“The eggs started smashing against the Apple Store windows just before dawn. Most of the hundreds of people who swarmed the swank plaza adjacent to the glowing, glass-cube outlet had huddled all night long in Beijing’s frigid January temperatures. But these weren’t early adopters desperate for the newly released iPhone 4S. Nor were they citizens outraged at the labor conditions inside the Chinese factories that churn out Apple gadgets,” Hannah Beech reports for TIME Magazine. “Instead, most were rural migrants who had been paid about $15 each to purchase iPhones and then hand them over to scalpers who would sell them at inflated prices.”
“The Chinese scalper may have lost out, but Apple hasn’t. In its latest quarterly earnings statement, released in April, the company reported a staggering $39.2 billion in revenue. It was a new record, and the surge was based in large part on a fivefold increase in iPhone sales in China, Taiwan and Hong Kong over the past year. (By contrast, iPhone sales dipped in the U.S. from January to March [post-holiday quarter] compared with the previous quarter.) Revenue for Greater China, as this market is called, tripled over the same period to $7.9 billion—about 20% of global sales, compared with just 2% in 2009,” Beech reports. “A market that three years ago was an afterthought for Apple could soon overtake the U.S. market, the company’s longtime consumer base. Credit Suisse estimates that China alone could generate almost $30 billion in sales for Apple by 2015. ‘Apple fans in China have an almost religious passion,’ says Sun Chonghui, an analyst with Shanghai-based iResearch Consulting Group. ‘It’s hard to analyze this phenomenon rationally.’ Sure enough, in April, Chinese state media reported breathlessly about a teenager from eastern China who sold his kidney for about $3,500 to buy an iPad and an iPhone.”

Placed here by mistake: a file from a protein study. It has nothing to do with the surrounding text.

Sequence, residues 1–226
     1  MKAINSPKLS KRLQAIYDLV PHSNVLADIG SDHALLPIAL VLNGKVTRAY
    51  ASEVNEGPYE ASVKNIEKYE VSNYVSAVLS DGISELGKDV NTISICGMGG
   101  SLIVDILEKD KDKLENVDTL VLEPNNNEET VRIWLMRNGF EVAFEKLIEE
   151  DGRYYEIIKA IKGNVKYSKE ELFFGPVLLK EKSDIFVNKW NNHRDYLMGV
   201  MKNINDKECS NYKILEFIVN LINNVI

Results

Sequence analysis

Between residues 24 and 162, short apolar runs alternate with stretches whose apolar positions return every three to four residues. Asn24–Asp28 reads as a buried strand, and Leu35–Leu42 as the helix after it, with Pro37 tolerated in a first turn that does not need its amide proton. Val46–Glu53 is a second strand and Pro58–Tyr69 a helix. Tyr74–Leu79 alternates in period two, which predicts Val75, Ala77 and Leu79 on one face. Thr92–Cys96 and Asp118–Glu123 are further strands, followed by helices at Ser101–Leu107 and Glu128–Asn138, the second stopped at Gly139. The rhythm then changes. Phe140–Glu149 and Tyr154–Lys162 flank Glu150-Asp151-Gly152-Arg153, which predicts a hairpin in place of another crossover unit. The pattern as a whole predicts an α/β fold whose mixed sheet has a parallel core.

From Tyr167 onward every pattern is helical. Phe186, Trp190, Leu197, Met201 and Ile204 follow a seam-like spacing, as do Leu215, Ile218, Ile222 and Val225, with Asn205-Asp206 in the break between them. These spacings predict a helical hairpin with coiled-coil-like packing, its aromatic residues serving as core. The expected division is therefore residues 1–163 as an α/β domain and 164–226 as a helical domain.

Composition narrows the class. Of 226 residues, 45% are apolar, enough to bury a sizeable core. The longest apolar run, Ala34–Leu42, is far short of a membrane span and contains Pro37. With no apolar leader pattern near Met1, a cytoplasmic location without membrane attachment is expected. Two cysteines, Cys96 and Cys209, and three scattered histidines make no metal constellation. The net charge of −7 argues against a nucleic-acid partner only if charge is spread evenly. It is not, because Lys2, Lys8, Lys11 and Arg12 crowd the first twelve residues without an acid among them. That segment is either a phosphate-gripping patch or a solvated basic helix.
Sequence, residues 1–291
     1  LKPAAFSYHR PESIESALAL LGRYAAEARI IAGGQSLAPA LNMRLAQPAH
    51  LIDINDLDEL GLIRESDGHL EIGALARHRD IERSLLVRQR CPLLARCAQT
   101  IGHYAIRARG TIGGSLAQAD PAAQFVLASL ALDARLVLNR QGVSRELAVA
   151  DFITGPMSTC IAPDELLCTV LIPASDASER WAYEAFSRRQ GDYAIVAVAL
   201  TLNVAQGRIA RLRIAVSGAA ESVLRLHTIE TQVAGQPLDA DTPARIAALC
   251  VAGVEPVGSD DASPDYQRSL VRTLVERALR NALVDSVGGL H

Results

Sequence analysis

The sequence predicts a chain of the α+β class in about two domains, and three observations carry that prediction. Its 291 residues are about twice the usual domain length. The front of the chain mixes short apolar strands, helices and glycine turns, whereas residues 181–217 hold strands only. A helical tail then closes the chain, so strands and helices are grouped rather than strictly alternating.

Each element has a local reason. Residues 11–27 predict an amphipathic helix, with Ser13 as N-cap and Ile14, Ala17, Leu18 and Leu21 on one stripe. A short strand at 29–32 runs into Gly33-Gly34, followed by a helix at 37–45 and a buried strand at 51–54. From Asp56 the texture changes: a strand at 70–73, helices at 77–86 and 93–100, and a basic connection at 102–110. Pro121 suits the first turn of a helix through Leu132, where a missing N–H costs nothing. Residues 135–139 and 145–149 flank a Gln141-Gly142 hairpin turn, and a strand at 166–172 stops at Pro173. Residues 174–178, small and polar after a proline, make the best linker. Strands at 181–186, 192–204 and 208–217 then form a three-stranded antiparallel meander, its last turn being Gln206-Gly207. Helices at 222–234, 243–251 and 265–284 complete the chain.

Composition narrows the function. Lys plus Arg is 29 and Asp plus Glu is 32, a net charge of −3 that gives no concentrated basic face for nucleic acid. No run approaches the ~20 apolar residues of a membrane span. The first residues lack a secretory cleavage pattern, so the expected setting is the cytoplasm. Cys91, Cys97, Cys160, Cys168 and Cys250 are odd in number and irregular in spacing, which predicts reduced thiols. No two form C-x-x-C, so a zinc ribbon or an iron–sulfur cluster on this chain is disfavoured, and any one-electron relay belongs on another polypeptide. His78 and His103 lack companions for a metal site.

Beech reports, “The American company is thriving in China, even as other Western tech firms struggle with local competition and communications restrictions imposed by the authoritarian state. Apple products now serve as the ultimate totem of upward mobility in a country with a fast-growing middle class. ‘There’s tremendous opportunity for companies that understand China, and we are doing everything we can to understand it,’ said Timothy Cook, Apple’s chief executive, during an April earnings conference call. ‘It was an incredible quarter [for Apple] in China. It is mind-boggling that we could do this well.'”
Tons more in the full article here.